According to CompTIA’s Second Annual Trends in Enterprise Mobility study for 2013, 64 percent of businesses support a BYOD policy. The trend continues as employees demand to use their personal mobile devices for their job. Businesses take on a higher risk of data exposure to malware and theft in a BYOD environment. Knowing how to protect your company data on these devices reduces the risk of a costly event that compromises your data, and damages your business.
Insist on Password Protected Devices
Many people continue to use their mobile devices with either no password or one that is too simple, says The Tennessean. Require all devices that connect to your network to have strong passwords and enforce changing them frequently.
When buying new devices, look for unique features that keep them from being hacked. For example, when looking at the Apple iPad mini with Retina display, which T-Mobile has online for review, notice that the screen uses an oleophobic coating. This surface resists fingerprints and smudges which could allow someone to guess the password entered on the screen to get into the phone or tablet.
Use Data Encryption
Both Android and iOS devices have built-in data encryption, but it’s disabled by default, says PC World. Enable data encryption on all mobile devices and enforce the creation of strong passcodes. Each OS has a different approach to data encryption, but once enabled, all data will be unreadable if stolen.
Mobile devices are facing more malware threats. Every mobile device accessing your business network needs to be running an anti-virus/malware program. These security apps need to be run periodically, and also configured to track and scan files being downloaded to the mobile device.
Controlling App Access
Apple has a quality control process to prevent malware from being introduced into their apps store. Google doesn’t do this for the Android apps in Google Play. If a mobile user chooses to download an app from a site outside of these two sources, they are at even greater risk of dealing with malware.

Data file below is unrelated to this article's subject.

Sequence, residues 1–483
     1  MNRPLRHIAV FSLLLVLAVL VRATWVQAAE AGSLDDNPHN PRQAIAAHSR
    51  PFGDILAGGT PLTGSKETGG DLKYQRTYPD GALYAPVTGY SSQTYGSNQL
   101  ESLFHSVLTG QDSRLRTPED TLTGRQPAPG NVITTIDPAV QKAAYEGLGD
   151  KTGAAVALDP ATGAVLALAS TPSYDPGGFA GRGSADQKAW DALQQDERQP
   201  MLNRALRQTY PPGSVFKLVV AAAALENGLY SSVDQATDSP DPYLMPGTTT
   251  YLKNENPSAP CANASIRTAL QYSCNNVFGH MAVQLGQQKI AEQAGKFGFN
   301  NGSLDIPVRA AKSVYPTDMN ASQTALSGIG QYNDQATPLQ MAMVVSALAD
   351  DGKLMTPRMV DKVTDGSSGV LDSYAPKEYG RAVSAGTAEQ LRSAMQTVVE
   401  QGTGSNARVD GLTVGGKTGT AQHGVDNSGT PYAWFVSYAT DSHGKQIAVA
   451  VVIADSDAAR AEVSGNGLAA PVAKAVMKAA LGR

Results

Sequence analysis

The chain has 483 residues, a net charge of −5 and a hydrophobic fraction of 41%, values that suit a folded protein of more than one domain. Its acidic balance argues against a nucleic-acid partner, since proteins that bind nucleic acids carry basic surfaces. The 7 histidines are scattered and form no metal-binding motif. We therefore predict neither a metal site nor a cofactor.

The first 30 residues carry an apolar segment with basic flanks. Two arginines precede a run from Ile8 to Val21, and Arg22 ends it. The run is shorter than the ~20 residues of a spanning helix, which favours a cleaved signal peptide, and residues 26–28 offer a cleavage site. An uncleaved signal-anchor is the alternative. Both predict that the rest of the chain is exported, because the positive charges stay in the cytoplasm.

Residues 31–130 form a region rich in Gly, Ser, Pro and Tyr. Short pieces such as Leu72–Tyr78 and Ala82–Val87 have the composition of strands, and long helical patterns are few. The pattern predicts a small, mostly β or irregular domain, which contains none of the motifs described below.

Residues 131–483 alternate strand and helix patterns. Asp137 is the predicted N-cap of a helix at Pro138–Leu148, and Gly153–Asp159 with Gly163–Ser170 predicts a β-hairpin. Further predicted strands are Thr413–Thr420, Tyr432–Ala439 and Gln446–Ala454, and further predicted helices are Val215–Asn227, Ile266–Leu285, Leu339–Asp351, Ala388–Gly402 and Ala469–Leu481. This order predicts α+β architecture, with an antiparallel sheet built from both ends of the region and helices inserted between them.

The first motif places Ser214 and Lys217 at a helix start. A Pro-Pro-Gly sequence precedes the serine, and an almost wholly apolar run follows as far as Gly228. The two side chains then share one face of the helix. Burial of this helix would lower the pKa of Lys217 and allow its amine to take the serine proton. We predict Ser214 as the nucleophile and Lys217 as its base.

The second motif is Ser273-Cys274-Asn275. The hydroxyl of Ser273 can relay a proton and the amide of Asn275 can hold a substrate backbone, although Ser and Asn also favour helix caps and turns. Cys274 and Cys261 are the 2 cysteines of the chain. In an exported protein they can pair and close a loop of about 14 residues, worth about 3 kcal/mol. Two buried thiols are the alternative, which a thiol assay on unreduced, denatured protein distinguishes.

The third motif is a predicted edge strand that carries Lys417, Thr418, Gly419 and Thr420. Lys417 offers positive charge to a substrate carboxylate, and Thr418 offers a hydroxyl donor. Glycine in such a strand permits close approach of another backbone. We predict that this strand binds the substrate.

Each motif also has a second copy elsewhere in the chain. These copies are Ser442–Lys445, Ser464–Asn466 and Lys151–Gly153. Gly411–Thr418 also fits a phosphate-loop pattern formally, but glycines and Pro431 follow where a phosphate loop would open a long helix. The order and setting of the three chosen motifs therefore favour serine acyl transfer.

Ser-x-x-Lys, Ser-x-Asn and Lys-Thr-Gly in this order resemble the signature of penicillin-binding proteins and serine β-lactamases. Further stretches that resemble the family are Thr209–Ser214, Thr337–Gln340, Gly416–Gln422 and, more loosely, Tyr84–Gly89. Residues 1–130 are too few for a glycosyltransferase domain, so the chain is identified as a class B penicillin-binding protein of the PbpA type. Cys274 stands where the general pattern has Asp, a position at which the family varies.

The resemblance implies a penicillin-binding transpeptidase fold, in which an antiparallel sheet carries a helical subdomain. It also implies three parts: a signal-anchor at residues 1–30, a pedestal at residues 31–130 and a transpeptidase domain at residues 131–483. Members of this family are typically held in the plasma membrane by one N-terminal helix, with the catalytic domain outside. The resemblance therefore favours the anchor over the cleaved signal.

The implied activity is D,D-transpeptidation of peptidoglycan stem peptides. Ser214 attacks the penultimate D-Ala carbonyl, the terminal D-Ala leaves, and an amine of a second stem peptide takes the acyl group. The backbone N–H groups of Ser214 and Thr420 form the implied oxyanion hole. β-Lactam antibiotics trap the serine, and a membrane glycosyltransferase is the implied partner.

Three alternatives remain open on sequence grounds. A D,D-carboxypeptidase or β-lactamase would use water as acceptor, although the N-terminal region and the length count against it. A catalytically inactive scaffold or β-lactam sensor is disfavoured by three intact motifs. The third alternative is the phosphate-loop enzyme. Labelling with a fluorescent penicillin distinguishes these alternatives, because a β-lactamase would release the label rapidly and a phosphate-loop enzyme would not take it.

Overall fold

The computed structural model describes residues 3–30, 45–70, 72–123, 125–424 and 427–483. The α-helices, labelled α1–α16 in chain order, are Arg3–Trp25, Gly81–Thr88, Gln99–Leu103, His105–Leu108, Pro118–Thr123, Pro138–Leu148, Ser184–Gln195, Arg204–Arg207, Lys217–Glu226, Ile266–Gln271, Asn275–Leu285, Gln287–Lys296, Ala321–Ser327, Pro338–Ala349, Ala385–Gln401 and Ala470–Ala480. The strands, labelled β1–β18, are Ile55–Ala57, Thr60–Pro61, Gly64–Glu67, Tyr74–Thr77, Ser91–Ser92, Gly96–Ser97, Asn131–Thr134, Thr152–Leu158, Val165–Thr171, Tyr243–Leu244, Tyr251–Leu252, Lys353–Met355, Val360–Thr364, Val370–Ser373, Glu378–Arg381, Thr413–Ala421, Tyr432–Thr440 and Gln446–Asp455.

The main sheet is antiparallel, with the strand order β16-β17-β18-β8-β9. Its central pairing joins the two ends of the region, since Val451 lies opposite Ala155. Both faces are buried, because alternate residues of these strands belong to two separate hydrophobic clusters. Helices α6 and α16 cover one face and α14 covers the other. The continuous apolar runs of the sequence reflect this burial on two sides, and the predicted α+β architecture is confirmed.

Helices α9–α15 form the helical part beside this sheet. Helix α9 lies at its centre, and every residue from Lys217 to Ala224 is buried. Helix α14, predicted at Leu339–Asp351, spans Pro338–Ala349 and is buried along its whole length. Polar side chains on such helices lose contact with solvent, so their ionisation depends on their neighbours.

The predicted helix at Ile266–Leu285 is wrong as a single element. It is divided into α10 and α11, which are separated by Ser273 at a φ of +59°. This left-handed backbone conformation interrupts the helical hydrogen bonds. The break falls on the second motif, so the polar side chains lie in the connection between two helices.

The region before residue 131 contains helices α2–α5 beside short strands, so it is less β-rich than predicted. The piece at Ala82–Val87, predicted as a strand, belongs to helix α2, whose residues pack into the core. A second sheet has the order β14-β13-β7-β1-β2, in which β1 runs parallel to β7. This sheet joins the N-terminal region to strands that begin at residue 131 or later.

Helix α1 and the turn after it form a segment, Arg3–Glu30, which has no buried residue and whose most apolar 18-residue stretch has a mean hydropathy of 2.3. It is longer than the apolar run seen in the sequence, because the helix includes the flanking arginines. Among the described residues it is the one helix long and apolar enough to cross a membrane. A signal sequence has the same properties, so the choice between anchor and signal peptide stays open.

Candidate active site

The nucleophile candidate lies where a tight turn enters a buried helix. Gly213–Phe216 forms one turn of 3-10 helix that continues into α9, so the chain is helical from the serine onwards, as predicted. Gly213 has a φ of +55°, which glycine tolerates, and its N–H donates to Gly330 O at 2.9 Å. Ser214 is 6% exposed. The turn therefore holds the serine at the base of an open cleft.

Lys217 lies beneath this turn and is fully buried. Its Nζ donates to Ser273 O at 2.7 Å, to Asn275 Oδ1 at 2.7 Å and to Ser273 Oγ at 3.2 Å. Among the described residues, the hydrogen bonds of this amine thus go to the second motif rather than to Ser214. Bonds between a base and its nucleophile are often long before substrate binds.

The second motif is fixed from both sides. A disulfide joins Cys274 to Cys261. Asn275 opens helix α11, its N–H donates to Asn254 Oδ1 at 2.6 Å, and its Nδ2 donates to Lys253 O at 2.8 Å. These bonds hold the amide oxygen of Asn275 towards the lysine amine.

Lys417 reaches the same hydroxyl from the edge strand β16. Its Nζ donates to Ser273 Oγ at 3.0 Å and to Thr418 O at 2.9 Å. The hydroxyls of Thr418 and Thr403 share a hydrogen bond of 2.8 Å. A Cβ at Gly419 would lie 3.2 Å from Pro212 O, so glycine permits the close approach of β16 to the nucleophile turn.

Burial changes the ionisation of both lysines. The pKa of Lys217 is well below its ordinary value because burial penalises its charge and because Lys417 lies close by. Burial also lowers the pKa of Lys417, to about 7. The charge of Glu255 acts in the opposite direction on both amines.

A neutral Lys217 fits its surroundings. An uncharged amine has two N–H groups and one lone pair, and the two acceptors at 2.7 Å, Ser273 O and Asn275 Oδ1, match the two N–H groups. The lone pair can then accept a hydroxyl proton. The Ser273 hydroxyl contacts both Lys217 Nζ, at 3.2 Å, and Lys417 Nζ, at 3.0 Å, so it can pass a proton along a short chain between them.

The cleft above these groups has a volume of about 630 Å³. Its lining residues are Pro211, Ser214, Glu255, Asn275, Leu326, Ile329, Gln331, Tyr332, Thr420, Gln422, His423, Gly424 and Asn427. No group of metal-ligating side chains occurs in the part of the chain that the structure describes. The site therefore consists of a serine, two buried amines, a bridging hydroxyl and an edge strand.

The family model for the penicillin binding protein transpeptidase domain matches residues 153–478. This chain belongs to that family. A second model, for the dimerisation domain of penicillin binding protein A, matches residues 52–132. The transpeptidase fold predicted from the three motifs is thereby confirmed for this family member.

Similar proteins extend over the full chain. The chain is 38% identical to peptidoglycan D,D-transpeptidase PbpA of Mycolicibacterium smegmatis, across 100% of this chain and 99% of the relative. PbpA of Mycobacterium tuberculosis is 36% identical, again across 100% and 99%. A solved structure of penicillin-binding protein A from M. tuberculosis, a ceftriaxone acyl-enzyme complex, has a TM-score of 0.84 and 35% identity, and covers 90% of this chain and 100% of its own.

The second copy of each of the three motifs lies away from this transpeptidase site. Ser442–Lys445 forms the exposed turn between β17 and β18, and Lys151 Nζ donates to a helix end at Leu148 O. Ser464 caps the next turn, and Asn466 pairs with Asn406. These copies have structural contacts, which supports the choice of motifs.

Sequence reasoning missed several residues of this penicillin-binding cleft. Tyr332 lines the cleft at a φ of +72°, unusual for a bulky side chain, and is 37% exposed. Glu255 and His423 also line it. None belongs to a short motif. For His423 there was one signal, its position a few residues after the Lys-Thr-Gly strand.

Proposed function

A way to control this is to develop your own in-house library of apps that your company has checked and deemed safe, says Entrepreneur. Employees are required to get their apps from this library to ensure that no malware is introduced into the company network. Commercial, free and in-house developed apps are controlled by the library. Updates and patches should also be in the library.
Create a procedure in which employees can request apps be put into the library for access. This reduces the temptation of going to some other site to download an app that puts your company data at risk.
Consider integrating all of these capabilities by using a mobile device management (MDM) solution. These tools enforce your BYOD policy by giving you control over all mobile devices that access your company’s network. Products such as Air-Watch and Blackberry’s MDM include such features as:
- Allowing only certain devices to be registered
- Monitoring devices connected to your network
- Logging activity of mobile devices on your network
- Restricting access to specific work areas by device or account
- Limiting connection times to your systems
- Preventing connections by devices reported as lost or stolen
- Wiping company data from a device suspected of being stolen